New Brunswick’s Acre Architects is exposing the architectural profession’s gender imbalance
When New Brunswick’s Acre Architects made the Wallpaper* Architects’ Directory 2016, a prestigious list of 20 rising stars from around the world, its founders couldn’t get their hands on a copy—the magazine is not sold anywhere in the province.
That disconnect between an unlikely base and global ambitions is something Acre co-founders Monica Adair and husband Stephen Kopp have turned to their advantage, building, since 2010, a firm that celebrates the freedom of the fringe. When the couple, who met as students at the University of Toronto, left jobs at a large New York firm in 2007, they found a frontier of sorts in Adair’s native New Brunswick, free from the conventions and congestion of design centres. “The Wild East,” Kopp calls it.
Now, in what may prove their most transformative project yet, the couple will turn their attention to the elephant in their profession’s room by showcasing inspiring female role models as a counter to architecture’s stubborn gender imbalance. “As architects, we are always working to advance our buildings. But what does it say if we can’t advance our profession?” Adair says.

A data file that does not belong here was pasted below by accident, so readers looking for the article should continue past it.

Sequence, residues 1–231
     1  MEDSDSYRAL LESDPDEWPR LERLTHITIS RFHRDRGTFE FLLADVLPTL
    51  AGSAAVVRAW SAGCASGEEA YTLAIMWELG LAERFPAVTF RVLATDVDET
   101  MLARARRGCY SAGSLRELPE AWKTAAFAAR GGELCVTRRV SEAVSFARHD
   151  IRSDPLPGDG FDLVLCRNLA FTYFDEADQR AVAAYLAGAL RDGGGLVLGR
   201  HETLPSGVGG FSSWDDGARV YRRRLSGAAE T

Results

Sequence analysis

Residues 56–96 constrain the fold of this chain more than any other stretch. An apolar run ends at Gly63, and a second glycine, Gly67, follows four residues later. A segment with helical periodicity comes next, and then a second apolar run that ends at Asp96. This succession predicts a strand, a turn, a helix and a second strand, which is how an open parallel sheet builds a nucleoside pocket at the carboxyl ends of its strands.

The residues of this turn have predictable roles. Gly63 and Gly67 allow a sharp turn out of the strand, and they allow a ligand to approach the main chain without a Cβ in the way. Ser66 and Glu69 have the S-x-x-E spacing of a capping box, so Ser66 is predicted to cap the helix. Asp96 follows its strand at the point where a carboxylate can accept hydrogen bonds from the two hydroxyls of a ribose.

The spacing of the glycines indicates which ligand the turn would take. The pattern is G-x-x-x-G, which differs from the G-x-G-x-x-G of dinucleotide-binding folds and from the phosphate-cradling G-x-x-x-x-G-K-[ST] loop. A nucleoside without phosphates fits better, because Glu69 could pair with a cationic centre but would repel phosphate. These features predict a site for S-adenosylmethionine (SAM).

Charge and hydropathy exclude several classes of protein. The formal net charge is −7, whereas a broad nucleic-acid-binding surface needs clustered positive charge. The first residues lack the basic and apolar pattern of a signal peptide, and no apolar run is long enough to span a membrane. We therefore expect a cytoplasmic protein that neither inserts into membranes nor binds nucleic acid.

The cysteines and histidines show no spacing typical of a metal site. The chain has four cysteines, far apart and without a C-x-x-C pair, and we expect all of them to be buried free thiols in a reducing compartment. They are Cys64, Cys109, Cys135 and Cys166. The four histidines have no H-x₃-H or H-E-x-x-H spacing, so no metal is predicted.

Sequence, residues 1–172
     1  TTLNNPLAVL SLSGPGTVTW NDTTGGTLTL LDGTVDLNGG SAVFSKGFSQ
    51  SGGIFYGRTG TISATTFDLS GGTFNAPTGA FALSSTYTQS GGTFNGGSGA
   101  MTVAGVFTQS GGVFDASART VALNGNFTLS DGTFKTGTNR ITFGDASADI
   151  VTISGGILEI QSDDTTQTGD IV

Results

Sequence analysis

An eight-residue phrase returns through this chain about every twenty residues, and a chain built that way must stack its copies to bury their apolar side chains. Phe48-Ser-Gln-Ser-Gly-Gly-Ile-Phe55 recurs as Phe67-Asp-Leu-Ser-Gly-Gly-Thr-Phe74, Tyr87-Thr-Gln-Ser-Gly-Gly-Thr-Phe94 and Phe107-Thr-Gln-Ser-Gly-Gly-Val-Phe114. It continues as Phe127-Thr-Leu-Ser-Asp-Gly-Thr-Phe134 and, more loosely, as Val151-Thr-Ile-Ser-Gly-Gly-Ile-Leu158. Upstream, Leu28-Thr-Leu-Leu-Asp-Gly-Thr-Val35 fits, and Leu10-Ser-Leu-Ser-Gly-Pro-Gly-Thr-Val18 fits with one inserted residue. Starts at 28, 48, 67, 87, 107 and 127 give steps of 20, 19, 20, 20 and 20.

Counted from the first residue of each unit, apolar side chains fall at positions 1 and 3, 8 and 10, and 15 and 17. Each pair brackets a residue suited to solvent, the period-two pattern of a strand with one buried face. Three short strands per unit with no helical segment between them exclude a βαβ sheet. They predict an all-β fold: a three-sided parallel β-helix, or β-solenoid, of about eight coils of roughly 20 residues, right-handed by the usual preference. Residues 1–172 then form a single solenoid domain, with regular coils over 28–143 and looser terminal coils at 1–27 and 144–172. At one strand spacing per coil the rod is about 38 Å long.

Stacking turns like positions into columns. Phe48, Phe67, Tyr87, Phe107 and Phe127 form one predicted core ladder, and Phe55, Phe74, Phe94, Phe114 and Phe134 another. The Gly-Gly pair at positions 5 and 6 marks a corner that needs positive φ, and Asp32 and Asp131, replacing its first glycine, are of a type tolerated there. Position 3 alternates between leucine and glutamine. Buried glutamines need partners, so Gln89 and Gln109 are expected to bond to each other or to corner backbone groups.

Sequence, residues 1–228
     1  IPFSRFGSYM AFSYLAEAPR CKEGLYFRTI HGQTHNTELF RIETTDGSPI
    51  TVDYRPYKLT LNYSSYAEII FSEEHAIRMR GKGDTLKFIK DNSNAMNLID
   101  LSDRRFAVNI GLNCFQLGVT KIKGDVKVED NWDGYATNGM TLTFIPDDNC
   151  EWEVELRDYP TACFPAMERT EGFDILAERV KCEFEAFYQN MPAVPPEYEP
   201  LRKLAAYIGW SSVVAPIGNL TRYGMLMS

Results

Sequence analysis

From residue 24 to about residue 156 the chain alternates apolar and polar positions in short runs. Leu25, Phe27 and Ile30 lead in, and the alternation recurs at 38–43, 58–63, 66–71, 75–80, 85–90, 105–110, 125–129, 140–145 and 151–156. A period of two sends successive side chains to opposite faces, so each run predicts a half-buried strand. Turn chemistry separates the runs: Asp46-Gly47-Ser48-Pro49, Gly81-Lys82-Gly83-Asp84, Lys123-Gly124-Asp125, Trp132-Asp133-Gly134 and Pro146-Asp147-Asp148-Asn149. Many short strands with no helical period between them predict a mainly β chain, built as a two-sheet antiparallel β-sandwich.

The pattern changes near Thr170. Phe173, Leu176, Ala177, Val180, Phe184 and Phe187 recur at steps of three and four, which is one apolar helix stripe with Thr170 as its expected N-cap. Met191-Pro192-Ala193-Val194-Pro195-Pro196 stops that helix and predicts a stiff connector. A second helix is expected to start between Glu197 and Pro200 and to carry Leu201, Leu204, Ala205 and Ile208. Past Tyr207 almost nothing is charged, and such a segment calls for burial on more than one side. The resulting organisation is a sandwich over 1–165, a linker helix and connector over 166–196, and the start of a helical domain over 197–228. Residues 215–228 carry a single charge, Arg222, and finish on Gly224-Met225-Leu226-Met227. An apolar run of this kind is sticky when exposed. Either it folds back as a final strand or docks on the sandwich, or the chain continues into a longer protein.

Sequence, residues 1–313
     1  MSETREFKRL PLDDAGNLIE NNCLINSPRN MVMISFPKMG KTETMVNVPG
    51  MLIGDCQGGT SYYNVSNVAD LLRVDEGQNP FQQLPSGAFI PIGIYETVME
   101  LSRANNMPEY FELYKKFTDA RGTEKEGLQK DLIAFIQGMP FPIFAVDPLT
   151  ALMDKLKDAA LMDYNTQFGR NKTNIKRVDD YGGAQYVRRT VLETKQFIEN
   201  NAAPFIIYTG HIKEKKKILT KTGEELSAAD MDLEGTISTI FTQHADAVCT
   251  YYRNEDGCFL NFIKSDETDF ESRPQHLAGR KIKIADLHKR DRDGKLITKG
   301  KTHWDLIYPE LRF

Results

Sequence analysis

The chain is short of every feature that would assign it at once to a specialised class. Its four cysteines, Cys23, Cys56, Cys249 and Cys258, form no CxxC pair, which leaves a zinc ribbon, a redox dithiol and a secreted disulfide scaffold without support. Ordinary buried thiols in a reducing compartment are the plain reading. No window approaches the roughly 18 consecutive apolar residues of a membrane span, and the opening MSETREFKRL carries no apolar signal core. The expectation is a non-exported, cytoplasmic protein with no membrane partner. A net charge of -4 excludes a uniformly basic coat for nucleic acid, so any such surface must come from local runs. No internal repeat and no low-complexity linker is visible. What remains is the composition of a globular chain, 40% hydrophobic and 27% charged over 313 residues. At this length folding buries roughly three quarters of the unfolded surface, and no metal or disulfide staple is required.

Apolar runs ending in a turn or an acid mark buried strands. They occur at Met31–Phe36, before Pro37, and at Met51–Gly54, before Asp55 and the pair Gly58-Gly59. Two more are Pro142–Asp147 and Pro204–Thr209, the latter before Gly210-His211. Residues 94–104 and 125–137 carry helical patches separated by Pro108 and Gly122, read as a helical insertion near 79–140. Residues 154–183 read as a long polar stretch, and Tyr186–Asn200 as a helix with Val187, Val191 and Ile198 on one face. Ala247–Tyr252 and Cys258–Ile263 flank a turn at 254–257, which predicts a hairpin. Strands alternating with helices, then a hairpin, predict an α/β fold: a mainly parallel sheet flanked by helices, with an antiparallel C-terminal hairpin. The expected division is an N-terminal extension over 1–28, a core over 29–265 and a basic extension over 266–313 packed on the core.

After winning the Royal Architectural Institute of Canada’s Young Architect Award in 2015, Adair started to notice the paucity of other women in architectural practices. When she and Kopp asked colleagues to name their favourite female architects, many couldn’t name any beyond the late Zaha Hadid or the wifely halves of prominent design couples. “For me it, was a bit of a flooring moment,” Kopp says. “We were part of it, too. We didn’t have great answers either.”
Women make up approximately half of architecture-school graduates in Canada, but less than a third of its registered architects. While there are notable examples of women leading firms, such as Patricia Patkau of Patkau Architects in Vancouver and Brigitte Shim of Shim-sutcliffe in Toronto, there remain few spots for women at the top. Commonly cited reasons for this, according to a recent survey by the American Institute of Architects, are long hours, childcare responsibilities, unequal pay and fewer advancement opportunities.
“There are very few role models, very few principals,” says Annmarie Adams, a professor and former director of the School of Architecture at Mcgill University. An architectural historian by training, Adams has written extensively on gendered space, including co-authoring ‘Designing Women’: Gender and the Architecture Profession (2000). For more